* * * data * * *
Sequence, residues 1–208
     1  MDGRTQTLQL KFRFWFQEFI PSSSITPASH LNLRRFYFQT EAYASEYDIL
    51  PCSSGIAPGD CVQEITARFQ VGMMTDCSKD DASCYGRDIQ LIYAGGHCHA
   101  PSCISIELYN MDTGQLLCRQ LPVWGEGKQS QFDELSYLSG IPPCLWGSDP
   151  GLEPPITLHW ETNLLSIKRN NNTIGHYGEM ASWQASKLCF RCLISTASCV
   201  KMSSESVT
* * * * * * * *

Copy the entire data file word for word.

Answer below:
Sequence, residues 1–208
     1  MDGRTQTLQL KFRFWFQEFI PSSSITPASH LNLRRFYFQT EAYASEYDIL
    51  PCSSGIAPGD CVQEITARFQ VGMMTDCSKD DASCYGRDIQ LIYAGGHCHA
   101  PSCISIELYN MDTGQLLCRQ LPVWGEGKQS QFDELSYLSG IPPCLWGSDP
   151  GLEPPITLHW ETNLLSIKRN NNTIGHYGEM ASWQASKLCF RCLISTASCV
   201  KMSSESVT